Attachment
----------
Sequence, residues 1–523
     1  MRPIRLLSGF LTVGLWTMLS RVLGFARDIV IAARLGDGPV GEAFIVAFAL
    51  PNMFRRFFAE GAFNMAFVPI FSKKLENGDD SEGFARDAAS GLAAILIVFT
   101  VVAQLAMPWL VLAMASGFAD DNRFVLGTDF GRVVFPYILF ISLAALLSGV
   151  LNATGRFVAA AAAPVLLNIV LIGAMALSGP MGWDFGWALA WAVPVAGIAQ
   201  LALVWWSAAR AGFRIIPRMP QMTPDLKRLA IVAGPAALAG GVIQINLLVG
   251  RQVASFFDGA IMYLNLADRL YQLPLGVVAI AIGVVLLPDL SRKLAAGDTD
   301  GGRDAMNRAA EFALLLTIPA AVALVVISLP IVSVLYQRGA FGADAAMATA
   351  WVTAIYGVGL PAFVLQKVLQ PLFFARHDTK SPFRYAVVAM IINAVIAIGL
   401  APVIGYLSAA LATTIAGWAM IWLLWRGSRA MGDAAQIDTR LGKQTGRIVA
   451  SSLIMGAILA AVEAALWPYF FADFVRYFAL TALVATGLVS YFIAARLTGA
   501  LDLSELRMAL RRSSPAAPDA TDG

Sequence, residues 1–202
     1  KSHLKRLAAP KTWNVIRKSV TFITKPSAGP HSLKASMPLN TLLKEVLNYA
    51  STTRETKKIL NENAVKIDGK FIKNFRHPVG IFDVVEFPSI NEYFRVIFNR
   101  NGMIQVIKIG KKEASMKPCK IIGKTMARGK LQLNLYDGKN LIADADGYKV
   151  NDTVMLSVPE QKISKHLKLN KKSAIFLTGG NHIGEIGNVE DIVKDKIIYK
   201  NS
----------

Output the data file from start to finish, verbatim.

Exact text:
Sequence, residues 1–523
     1  MRPIRLLSGF LTVGLWTMLS RVLGFARDIV IAARLGDGPV GEAFIVAFAL
    51  PNMFRRFFAE GAFNMAFVPI FSKKLENGDD SEGFARDAAS GLAAILIVFT
   101  VVAQLAMPWL VLAMASGFAD DNRFVLGTDF GRVVFPYILF ISLAALLSGV
   151  LNATGRFVAA AAAPVLLNIV LIGAMALSGP MGWDFGWALA WAVPVAGIAQ
   201  LALVWWSAAR AGFRIIPRMP QMTPDLKRLA IVAGPAALAG GVIQINLLVG
   251  RQVASFFDGA IMYLNLADRL YQLPLGVVAI AIGVVLLPDL SRKLAAGDTD
   301  GGRDAMNRAA EFALLLTIPA AVALVVISLP IVSVLYQRGA FGADAAMATA
   351  WVTAIYGVGL PAFVLQKVLQ PLFFARHDTK SPFRYAVVAM IINAVIAIGL
   401  APVIGYLSAA LATTIAGWAM IWLLWRGSRA MGDAAQIDTR LGKQTGRIVA
   451  SSLIMGAILA AVEAALWPYF FADFVRYFAL TALVATGLVS YFIAARLTGA
   501  LDLSELRMAL RRSSPAAPDA TDG

Sequence, residues 1–202
     1  KSHLKRLAAP KTWNVIRKSV TFITKPSAGP HSLKASMPLN TLLKEVLNYA
    51  STTRETKKIL NENAVKIDGK FIKNFRHPVG IFDVVEFPSI NEYFRVIFNR
   101  NGMIQVIKIG KKEASMKPCK IIGKTMARGK LQLNLYDGKN LIADADGYKV
   151  NDTVMLSVPE QKISKHLKLN KKSAIFLTGG NHIGEIGNVE DIVKDKIIYK
   201  NS